Brody had an infamous cage match with Lex Luger in Florida at NWA Florida in January 1987. In the middle of the match, Brody stopped "working" and stood around. Luger and Bill Alfonso, the referee of the match, were puzzled and attempted to speak to Brody who did not respond. Luger and Alfonso decided to forgo the planned finish of the match and Alfonso disqualified Luger in a spot where Luger continually punched Brody in a corner and did not back off. After the match, Luger recalls asking Brody if he did anything wrong to upset him to which Brody responded "no" and Brody's reasons for not working were not very clear, stating that "the match just wasn't working". In Larry Matysik's book, Wrestling at the Chase, Matysik states that before the match Brody told him "I'm not putting up with any of his bullshit" and that Brody was upset that Luger wouldn't sell for him. However, when watching the match, it is clear that Luger did sell for Brody. In a later shoot interview, Bill Alfonso said that there was a miscommunication issue on who would lead the match and there was no ill will ever between the two. Another scenario was that Brody was upset with the promoters (Brody had a contentious history with wrestling promoters for much of his career) and decided to embarrass the promotion by being uncooperative in the match.

Death

Internationally, Brody was seen as a legend, especially in Puerto Rico. Unfortunately, the Puerto Rican ring would be the last he would ever compete in. On July 16, 1988, Brody was in the locker room before his match with Dan Spivey in Bayamón (a city near San Juan, Puerto Rico), when José Huertas González, a fellow wrestler and booker, asked him to go into the shower to discuss business. Brody entered the shower stall and a few minutes later a scuffle ensued, followed by two groans, loud enough for the entire locker room to hear. Tony Atlas ran to the shower and saw Brody bent over and holding his stomach. Atlas then looked up at González and saw him holding a knife. When the paramedics arrived, Atlas carried Brody downstairs to the waiting ambulance, as, due to Brody's enormous stature, paramedics were unable to lift him. Brody's last words (as told to Atlas) were, "Tell my little son I love him, and tell my wife I love her, too." González, who always maintained his innocence, was initially charged with first-degree murder but was later reduced and tried for involuntary homicide. Dutch Mantell received his subpoena after the trial was over and Tony Atlas, who had given a statement and said he witnessed what happened refused to return to give his version in court and without his testimony the District Attorney had no case. Some wrestlers (the Youngbloods) were scared to death and made no declaration to the police at the time of the events. However, Tony Atlas declared what he saw to the police and came back to Puerto Rico several years later to work with the promotion. In January 1989, González was acquitted on all counts, citing self-defense. Carlos Colón testified against Brody during the trial.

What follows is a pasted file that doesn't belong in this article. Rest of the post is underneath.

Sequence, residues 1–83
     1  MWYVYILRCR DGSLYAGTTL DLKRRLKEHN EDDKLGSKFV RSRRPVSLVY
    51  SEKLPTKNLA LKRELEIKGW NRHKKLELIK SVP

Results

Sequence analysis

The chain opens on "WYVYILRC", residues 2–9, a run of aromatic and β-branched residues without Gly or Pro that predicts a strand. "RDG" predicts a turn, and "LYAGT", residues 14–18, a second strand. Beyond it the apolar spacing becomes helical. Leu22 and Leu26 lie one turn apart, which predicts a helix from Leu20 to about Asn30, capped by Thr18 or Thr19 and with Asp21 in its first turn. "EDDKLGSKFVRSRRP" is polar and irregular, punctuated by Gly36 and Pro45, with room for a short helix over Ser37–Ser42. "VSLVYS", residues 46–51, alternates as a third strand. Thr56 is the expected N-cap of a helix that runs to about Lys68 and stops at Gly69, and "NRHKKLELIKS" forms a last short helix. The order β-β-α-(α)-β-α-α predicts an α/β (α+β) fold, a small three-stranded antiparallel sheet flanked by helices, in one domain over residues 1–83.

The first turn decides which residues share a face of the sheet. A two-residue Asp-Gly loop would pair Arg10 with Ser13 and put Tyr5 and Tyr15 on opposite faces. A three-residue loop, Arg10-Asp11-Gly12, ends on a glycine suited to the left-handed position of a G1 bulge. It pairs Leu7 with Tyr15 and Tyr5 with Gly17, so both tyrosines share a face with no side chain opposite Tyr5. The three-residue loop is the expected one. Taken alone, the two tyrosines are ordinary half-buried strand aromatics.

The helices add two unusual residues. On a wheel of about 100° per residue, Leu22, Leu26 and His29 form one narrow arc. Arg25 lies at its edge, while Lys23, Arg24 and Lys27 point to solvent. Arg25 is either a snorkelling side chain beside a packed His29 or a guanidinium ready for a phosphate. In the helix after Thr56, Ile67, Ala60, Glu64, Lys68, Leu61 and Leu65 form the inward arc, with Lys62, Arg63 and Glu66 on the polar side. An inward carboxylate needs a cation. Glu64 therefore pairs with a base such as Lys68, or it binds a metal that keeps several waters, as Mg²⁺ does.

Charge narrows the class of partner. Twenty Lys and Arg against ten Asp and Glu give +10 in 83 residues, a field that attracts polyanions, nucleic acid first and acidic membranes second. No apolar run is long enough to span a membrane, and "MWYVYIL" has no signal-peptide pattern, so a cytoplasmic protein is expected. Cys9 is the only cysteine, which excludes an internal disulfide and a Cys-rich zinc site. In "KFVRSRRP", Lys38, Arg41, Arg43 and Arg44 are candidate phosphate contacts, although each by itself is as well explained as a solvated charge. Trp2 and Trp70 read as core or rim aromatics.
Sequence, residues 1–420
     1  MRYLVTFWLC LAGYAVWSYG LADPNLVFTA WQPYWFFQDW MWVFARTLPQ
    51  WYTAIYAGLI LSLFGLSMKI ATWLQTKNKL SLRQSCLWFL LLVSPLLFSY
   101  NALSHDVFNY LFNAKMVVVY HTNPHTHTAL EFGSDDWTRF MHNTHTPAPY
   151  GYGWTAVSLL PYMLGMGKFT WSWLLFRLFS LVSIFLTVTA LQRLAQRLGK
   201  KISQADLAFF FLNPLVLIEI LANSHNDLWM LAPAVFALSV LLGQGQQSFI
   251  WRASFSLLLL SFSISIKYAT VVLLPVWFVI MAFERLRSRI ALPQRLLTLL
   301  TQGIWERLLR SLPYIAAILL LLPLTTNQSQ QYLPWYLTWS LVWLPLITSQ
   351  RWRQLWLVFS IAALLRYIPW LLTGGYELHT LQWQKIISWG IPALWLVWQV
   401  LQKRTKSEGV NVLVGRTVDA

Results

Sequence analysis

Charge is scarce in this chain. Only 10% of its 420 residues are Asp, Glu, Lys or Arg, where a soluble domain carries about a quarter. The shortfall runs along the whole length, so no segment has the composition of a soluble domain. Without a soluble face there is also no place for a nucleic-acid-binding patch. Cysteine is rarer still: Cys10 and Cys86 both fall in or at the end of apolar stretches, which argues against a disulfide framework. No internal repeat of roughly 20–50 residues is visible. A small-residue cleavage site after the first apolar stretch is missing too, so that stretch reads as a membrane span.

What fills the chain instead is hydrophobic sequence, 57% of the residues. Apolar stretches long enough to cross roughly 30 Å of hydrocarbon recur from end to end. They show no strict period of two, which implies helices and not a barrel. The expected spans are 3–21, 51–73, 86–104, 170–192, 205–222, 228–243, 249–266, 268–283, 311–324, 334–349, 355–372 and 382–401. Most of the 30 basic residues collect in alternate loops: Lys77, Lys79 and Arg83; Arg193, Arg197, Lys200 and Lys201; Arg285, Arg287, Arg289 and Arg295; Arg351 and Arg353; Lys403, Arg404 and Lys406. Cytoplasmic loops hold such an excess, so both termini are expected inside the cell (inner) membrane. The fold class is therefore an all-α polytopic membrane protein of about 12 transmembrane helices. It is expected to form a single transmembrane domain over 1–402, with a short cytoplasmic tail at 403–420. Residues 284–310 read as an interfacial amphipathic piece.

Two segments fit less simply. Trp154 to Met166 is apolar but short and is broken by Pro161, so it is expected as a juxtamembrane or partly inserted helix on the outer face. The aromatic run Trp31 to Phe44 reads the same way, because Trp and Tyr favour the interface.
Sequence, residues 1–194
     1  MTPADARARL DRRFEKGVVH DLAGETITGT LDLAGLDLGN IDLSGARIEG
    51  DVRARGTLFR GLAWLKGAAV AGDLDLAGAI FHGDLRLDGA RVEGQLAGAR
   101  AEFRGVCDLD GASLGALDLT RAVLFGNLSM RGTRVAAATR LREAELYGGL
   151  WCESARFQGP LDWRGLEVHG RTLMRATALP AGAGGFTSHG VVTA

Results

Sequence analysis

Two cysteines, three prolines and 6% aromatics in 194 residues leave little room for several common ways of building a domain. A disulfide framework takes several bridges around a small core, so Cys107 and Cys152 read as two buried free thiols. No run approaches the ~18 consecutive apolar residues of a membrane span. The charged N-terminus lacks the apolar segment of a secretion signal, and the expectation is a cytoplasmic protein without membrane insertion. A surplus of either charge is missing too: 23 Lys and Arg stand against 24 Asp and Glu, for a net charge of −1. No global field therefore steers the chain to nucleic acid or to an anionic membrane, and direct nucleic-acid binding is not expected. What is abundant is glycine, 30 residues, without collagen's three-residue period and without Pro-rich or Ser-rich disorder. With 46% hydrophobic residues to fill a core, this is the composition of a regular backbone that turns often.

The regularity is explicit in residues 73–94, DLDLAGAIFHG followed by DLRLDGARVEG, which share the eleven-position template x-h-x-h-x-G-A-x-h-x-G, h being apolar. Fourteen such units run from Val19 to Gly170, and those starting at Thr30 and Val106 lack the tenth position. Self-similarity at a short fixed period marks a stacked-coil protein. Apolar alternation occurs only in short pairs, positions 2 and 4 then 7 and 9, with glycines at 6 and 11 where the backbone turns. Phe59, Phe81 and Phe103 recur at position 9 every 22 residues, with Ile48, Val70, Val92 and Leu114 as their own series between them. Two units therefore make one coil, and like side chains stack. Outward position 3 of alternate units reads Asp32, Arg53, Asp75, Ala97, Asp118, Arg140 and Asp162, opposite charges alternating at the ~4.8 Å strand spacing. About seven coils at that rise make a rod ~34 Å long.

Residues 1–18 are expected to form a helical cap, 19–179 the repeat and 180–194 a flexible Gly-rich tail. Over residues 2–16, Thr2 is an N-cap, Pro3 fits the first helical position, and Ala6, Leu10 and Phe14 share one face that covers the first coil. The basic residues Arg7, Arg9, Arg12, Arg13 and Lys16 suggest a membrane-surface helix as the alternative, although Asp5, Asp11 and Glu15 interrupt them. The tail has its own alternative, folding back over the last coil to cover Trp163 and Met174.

In wrestling

  • Finishing moves
  • Jumping knee drop, sometimes from the top rope
  • Signature moves
  • Big Boot
  • Atomic drop
  • Backbreaker rack
  • Diving overhead chop
  • High knee
  • One-armed body slam
  • Piledriver
  • Running big boot
  • Running leg drop
  • Vertical suplex powerslam
  • Managers
  • Tag teams and stables
  • Entrance themes
  • "Immigrant Song" by Led Zeppelin

Championships and accomplishments

See also

External links